Ted Simons: For years Arizona was criticized as being too dependent on construction. One single element of the Economy was driving everything Else. Obviously that element has had its problems here, and you say it’s going to continue to have its problems for a while. Are we diversified -- silver Liking, are we diversifying, are We seeing things spread out, or Are we now as dependent on Retail as we used to be on Construction?
Dr. Beckie Holmes: I think the economic Development community has put a Lot of effort into finding other industries, diversifying our economy, trying to build a more after high-wage knowledge-based Economy. And we've seen some success, but That's a long-term strategy and It requires fundamental changes To our education system, and to Our somewhat to our tax Structure and some extent to the Perception of Arizona outside of The state.
Dr. Beckie Holmes: So I think that's a good Thing and we've seen some Success there, but housing is Always going to be important to Arizona, because we are hopefully a population, a state that has a lot of population growth. We can now see what Arizona Feels like without housing, and it’s definitely been painful.
Ted Simons: without population growth, either. Real quickly, the national Picture, everyone says a slow Recovery, same thing for you?
Dr. Beckie Holmes: that's what it's looking like for me too. Just like for the state, there's been a lot of sort of bad news in the last couple months, Increase in risks, so there's definitely the possibility we could dip into recession, but my Outlook for next year is for continued slow growth.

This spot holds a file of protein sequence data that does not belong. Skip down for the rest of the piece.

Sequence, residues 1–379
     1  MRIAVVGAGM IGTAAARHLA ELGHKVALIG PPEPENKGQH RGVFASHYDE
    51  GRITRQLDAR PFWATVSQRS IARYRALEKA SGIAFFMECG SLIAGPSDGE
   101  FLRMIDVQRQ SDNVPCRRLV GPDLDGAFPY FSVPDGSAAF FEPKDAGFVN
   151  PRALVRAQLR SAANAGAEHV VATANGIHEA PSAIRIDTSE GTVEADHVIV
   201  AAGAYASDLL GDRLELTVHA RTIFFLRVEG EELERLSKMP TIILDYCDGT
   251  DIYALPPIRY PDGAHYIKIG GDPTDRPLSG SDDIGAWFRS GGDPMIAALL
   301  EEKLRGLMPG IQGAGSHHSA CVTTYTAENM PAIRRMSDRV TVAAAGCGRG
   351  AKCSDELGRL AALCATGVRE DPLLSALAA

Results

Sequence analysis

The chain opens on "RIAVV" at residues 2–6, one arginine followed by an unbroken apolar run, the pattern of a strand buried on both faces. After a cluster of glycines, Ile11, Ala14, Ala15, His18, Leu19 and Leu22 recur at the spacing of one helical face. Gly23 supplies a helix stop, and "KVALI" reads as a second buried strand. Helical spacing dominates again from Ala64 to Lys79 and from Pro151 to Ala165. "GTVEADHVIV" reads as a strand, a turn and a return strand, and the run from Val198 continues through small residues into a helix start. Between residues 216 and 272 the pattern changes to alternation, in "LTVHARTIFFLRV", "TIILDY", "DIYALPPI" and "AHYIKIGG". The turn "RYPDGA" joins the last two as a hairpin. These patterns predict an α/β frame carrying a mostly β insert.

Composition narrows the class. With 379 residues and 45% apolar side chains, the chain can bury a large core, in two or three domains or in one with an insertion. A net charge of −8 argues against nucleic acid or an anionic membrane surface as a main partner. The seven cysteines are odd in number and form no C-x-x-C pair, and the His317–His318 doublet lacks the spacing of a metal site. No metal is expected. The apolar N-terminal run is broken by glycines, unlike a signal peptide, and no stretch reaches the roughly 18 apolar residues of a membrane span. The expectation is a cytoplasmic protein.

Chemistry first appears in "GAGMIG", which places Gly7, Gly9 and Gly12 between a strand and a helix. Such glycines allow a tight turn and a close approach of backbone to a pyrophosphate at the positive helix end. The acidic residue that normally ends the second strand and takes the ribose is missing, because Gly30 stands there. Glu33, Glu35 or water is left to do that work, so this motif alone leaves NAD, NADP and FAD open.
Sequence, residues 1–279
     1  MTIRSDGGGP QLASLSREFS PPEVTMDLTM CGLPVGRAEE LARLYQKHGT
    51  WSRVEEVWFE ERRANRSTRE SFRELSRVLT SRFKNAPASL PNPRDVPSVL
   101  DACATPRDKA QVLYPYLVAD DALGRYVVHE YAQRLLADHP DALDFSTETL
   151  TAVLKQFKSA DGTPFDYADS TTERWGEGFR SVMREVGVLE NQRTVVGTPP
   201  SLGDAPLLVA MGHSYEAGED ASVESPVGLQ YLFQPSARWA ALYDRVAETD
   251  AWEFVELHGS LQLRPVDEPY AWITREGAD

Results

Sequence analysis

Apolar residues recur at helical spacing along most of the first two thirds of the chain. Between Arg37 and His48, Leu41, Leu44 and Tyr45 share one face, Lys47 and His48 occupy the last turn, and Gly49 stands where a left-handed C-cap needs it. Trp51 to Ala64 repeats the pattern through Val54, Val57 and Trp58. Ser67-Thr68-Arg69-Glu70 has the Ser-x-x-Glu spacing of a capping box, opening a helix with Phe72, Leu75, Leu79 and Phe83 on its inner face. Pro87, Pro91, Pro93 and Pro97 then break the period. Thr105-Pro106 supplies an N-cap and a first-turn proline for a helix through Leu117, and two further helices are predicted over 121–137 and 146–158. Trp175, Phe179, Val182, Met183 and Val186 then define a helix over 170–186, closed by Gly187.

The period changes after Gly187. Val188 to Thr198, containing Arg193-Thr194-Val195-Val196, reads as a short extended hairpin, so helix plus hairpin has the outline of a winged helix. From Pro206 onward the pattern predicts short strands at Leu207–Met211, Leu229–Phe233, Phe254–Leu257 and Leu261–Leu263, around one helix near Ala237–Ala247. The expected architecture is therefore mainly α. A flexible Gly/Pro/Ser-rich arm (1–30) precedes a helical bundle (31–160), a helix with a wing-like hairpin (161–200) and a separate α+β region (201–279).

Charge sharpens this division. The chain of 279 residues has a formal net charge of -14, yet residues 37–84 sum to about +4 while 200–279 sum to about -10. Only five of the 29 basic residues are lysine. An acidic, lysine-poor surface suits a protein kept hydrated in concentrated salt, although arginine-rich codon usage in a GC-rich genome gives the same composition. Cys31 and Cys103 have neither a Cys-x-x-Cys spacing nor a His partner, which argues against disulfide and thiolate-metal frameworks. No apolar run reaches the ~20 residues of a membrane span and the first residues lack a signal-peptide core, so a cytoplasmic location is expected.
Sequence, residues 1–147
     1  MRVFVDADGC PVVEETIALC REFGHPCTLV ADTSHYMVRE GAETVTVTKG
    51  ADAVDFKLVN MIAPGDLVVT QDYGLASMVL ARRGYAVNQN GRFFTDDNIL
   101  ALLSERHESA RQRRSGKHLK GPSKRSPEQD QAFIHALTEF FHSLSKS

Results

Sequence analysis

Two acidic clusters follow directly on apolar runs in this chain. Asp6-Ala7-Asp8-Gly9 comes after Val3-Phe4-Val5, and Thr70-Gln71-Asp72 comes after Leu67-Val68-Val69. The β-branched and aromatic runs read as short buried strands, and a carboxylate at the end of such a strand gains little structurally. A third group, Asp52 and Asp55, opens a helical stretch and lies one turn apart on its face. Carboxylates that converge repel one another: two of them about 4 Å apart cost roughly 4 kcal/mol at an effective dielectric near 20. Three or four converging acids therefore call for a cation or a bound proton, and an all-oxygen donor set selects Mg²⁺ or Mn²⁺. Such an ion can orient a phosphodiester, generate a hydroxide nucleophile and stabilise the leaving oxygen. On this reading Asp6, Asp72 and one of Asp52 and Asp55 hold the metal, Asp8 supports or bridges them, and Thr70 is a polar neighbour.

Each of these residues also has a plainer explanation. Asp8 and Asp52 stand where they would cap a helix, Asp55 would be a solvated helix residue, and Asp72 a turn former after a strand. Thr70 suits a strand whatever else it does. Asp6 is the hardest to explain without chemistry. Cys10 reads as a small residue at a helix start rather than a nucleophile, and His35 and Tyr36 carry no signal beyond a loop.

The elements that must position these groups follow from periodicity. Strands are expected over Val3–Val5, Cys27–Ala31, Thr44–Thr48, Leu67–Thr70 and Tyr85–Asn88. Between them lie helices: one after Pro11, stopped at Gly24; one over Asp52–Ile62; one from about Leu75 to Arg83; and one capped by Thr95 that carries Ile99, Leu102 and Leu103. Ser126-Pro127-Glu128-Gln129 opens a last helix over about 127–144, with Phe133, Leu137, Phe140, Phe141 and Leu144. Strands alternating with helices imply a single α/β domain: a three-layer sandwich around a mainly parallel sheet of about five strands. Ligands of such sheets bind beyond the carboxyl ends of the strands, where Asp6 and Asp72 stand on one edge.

Ted Simons: Why isn't the job market recovering? Why is credit still tight? Why are these problems that we saw a year, two years ago, whatever, three years ago in some cases, why are they still hanging around?
Dr. Beckie Holmes: Right. You know, I think the short Answer is we're not going to fix the economy until we fix the Imbalances that got us into this mess. And the imbalances were essentially too much debt, and some -- that's really the major Thing. And so have we fixed the debt Problem? Sort of. So households have deleveraged Quite a bit, businesses have Refinanced and deleverage add Bit. The financial sector has reduced their debt quite a bit. But what have we done? Shifted a lot of that debt into The government sector. Now we're battling huge Government debt. And next year is going to be marked by the year where we try to fix the government debt Problem. This year we sort of fixed the Household problem. We're not going to I think pull Out of this until we manage to Get the debt burden down across the nation.
Ted Simons: but we will pull out no Double dip as far as you can see.
Dr. Beckie Holmes: That's my opinion right now.
Ted Simons: We'll hold you to it. Thank you so much for joining Us.
Dr. Beckie Holmes: thank you.